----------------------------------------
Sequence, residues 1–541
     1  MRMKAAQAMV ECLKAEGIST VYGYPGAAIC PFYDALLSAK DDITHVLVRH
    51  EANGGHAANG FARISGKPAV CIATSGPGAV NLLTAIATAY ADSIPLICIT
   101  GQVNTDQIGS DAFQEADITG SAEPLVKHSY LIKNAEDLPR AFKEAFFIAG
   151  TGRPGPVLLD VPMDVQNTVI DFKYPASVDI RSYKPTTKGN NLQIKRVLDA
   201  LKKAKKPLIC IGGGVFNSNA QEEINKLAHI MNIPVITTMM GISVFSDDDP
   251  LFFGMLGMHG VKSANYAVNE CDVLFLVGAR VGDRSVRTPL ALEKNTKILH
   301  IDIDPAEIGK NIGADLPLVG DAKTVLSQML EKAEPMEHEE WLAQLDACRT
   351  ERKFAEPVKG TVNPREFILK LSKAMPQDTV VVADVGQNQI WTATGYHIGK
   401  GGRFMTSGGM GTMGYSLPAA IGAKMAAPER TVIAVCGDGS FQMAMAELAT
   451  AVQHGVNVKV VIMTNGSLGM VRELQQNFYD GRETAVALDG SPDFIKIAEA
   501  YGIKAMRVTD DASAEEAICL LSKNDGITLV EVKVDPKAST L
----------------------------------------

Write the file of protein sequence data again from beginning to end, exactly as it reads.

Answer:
Sequence, residues 1–541
     1  MRMKAAQAMV ECLKAEGIST VYGYPGAAIC PFYDALLSAK DDITHVLVRH
    51  EANGGHAANG FARISGKPAV CIATSGPGAV NLLTAIATAY ADSIPLICIT
   101  GQVNTDQIGS DAFQEADITG SAEPLVKHSY LIKNAEDLPR AFKEAFFIAG
   151  TGRPGPVLLD VPMDVQNTVI DFKYPASVDI RSYKPTTKGN NLQIKRVLDA
   201  LKKAKKPLIC IGGGVFNSNA QEEINKLAHI MNIPVITTMM GISVFSDDDP
   251  LFFGMLGMHG VKSANYAVNE CDVLFLVGAR VGDRSVRTPL ALEKNTKILH
   301  IDIDPAEIGK NIGADLPLVG DAKTVLSQML EKAEPMEHEE WLAQLDACRT
   351  ERKFAEPVKG TVNPREFILK LSKAMPQDTV VVADVGQNQI WTATGYHIGK
   401  GGRFMTSGGM GTMGYSLPAA IGAKMAAPER TVIAVCGDGS FQMAMAELAT
   451  AVQHGVNVKV VIMTNGSLGM VRELQQNFYD GRETAVALDG SPDFIKIAEA
   501  YGIKAMRVTD DASAEEAICL LSKNDGITLV EVKVDPKAST L